The bar has been set very high for plays written about being Jewish inNew York. This is not to say that the experience cannot be entertaining forthose of us who like to live vicariously through the works of Neil Simon,Jerry Seinfeld or Woody Allen. Only that to be any good takes an extra leapwhich may not have been so great twenty or thirty years ago.
Moreover, a production has to be exceptionally good to justify a 40price tag in the cramped auditorium of the Trafalgar Studio 1. And a piecewhich may well, as they say, “play well in the provinces” will notnecessarily hold the same stock with a metropolitan audience. Unfortunately,Visiting Mr Green is one of those shows.
The story starts and ends in the Upper West Side Manhattan apartment ofthe 86-year old Mr. Green, a Jewish refugee from the pogroms of Russia, forwhom the recent death of his wife of 59 years has turned him into areclusive, quietly suicidal and cranky old codger. Into his life comes,literally by accident, eternal bachelor Ross Gardiner who has been orderedby a judge to spend one evening a week doing chores for Mr. Green afternearly mowing him down in traffic. Revelations about their lives – whichwould amount to spoilers if detailed here – roll along, turning theirinitially frosty relationship into one where two lonely people are able tofind some succour in one another’s company.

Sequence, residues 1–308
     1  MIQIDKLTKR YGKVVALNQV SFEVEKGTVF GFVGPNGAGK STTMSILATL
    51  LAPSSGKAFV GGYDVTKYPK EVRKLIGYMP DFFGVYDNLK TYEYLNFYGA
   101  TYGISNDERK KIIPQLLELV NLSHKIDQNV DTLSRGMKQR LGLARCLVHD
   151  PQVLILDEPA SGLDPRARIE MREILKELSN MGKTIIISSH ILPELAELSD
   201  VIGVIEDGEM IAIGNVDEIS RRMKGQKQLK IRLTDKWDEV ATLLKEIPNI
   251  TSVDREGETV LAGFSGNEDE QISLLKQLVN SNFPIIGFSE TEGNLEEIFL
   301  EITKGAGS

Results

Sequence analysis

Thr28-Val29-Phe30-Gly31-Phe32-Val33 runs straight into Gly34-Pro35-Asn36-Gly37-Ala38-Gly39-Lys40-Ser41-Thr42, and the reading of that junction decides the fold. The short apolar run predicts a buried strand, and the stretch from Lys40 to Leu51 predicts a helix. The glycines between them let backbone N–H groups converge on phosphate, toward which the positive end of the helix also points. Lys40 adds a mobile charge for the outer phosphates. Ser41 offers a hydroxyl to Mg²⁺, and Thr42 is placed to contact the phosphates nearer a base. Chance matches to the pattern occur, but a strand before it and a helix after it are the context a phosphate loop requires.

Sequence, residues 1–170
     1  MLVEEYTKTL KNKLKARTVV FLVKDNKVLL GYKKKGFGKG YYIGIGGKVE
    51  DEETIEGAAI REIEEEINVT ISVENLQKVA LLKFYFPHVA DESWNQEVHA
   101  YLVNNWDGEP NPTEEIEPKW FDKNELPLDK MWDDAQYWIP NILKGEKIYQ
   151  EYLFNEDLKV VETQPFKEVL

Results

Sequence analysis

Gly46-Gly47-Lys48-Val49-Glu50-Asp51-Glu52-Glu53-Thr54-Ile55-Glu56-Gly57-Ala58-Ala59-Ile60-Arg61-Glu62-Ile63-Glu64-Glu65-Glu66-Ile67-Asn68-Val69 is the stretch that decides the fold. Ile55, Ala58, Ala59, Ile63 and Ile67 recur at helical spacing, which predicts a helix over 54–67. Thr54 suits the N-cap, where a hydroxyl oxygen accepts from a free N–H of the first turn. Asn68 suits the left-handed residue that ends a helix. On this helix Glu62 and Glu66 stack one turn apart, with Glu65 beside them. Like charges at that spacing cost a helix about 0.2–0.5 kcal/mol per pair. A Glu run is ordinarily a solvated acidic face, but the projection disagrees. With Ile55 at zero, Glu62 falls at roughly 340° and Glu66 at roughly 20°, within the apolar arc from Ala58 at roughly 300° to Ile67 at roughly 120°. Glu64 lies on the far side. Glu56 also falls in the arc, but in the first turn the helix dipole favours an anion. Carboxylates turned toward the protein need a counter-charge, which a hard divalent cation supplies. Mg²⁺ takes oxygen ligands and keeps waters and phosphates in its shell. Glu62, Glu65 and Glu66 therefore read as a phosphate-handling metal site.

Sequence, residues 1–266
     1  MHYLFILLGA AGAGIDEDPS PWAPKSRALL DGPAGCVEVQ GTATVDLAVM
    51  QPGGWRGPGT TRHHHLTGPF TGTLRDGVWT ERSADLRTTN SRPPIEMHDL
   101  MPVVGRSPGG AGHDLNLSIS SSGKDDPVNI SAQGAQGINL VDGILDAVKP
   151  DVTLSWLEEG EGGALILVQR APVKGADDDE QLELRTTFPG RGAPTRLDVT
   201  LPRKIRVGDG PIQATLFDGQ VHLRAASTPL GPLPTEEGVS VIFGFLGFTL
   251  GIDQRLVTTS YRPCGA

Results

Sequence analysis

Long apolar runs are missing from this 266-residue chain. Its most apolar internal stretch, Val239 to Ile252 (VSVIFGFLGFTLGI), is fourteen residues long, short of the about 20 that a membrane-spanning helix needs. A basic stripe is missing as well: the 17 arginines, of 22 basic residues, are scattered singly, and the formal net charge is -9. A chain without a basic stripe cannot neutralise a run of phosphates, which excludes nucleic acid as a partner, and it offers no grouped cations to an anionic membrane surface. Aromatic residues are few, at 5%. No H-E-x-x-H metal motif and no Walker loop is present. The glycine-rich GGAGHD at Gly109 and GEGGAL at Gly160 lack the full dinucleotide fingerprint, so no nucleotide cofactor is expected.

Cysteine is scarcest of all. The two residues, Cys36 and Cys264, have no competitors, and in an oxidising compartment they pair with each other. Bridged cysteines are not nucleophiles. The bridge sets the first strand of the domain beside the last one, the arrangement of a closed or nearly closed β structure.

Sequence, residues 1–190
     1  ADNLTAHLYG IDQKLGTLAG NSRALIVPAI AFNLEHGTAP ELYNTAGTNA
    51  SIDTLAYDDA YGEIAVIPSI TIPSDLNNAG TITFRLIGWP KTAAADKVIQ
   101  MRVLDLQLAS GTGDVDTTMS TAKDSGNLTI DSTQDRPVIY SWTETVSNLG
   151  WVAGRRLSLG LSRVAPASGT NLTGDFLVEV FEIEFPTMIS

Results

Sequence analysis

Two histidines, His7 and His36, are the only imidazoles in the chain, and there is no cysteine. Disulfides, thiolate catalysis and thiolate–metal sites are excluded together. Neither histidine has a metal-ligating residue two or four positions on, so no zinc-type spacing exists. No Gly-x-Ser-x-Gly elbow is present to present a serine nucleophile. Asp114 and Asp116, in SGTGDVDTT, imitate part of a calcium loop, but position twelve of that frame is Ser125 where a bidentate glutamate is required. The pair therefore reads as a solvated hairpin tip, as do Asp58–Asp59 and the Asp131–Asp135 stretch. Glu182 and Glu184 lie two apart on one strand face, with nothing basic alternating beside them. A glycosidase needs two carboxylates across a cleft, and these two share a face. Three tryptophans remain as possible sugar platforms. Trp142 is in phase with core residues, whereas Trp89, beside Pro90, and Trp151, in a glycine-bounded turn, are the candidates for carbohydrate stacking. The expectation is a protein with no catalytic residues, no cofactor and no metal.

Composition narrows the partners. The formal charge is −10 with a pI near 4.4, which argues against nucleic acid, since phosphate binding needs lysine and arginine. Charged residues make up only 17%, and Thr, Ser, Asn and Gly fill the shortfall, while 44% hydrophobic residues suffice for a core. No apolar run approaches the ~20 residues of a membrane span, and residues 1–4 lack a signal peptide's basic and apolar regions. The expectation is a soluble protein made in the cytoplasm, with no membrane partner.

It is not surprising to hear that this production has been successfullycloned around the world and had a well-received tour of the UK provinces.This is because, despite the modern setting in one of the world’s mosturbane cities, it is peculiarly provincial. Written a mere twelve years ago,it may have been on the cusp of being outmoded then but, in broadlytolerant, inclusive London in 2008, it really feels ancient.
In some ways this is testimony to how far things have progressed sociallyin our fair city. As someone who grew up in, and occasionally visits, theprovinces, where various prejudices still have their sharp edges, I canimagine a play like this still causing a real stir among less cosmopolitantheatregoers. Similarly in countries such as Israel or Croatia whereviolent bigotry is still part of the social and political fabric, the themesof this work must still have the power to stir liberal consciences and upsetconservative ones. But not in London.
Warren Mitchell, who lived at the centre of a maelstrom around hisportrayal of racist Alf Garnett in TV’s Till Death Do Us Part, is, in manyways, the best person for this particular job. He looked like he was havinga couple of “senior moments”, stumbling over some lines and apparently beingthrown by a particularly theatrical bit of coughing from an audience member.However, his stillness shows he is a master of his craft and while it iseasier for a senior citizen to play a senior citizen it is his own frailtythat occasionally turns the frailty of Mr. Green into lumps in our throats.
On the other hand, Gideon Turner’s mannered performance as Ross makes himless convincing as Green’s foil. Spending too much time being angry when heprobably shouldn’t be and not raising the pitch high enough when he shouldbe, he fails to shine in this role. The naturalistic dialogue does not tripoff his tongue as well as it might, which is a shame.
There is much that is witty and engaging about this piece which is worthcherishing. But is has the aroma of a playwright yet to find his feet andrailing against iniquities in an relatively unsophisticated manner. Theplay’s didacticism is a little too overbearing and past its sell-by date toresonate with an audience that learnt its lessons some time ago already.